Mercury is the innermost  planet in the  Solar System. It is also the smallest, and its orbit is the most  eccentric (that is, the least perfectly circular) of the eight planets. It  orbits the  Sun once in about 88 Earth days, completing three rotations about its axis for every two orbits. The planet is named after the  Roman  god  Mercury, the messenger to the gods.

Mercury's surface is heavily cratered and similar in appearance to  Earth's Moon, indicating that it has been geologically inactive for billions of years. Due to its near lack of an atmosphere to retain heat, Mercury's surface experiences the steepest temperature gradient of all the planets, ranging from a very cold 100  K at night to a very hot 700 K during the day. Mercury's axis has the smallest  tilt of any of the Solar System's planets, but Mercury's  orbital eccentricity is the largest. The seasons on the planet's surface are caused by the variation of its distance from the Sun rather than by the axial tilt, which is the main cause of seasons on Earth and other planets. At  perihelion, the intensity of sunlight on Mercury's surface is more than twice the intensity at  aphelion. Because the seasons of the planet are produced by the orbital eccentricity instead of the axial tilt, the season does not differ between its two hemispheres.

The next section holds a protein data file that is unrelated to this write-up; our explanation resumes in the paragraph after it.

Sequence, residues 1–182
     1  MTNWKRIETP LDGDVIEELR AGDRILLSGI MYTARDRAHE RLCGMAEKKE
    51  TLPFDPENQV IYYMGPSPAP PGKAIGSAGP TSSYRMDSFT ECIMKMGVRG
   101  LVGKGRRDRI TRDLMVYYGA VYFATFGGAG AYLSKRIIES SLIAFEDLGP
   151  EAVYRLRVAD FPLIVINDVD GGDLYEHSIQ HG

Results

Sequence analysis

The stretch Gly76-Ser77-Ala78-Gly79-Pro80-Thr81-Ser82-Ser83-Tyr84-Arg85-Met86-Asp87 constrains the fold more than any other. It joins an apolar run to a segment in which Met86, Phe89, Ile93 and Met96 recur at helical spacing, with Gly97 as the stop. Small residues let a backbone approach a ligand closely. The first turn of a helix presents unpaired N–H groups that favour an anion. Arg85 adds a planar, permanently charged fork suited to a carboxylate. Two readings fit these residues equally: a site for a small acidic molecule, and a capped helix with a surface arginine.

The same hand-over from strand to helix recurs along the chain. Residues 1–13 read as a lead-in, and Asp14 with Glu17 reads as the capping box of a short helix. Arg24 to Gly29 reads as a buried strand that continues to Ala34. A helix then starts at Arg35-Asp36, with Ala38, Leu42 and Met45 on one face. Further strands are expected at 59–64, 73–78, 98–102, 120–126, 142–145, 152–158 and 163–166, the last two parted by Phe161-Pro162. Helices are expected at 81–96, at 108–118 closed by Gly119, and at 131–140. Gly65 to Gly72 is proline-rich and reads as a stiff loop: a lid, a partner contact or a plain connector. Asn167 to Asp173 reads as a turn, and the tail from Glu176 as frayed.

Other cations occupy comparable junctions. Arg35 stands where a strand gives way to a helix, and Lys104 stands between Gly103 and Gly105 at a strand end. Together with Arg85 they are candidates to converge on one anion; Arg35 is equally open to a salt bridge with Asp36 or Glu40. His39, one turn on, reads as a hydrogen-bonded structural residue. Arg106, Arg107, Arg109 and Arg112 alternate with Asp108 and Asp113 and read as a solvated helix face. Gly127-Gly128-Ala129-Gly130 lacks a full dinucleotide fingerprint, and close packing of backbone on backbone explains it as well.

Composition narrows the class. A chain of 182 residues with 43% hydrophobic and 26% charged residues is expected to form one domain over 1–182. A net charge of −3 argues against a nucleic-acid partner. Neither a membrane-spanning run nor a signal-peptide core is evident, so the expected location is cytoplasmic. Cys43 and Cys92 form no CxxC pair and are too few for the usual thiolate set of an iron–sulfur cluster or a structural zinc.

Mercury and  Venus can each make appearances in Earth's sky both as a morning star and an evening star (because they are  closer to the Sun than the Earth), and at times Mercury can technically be regarded as a very bright object when viewed from Earth; however, its proximity in the sky to the Sun makes it more difficult to see than Venus.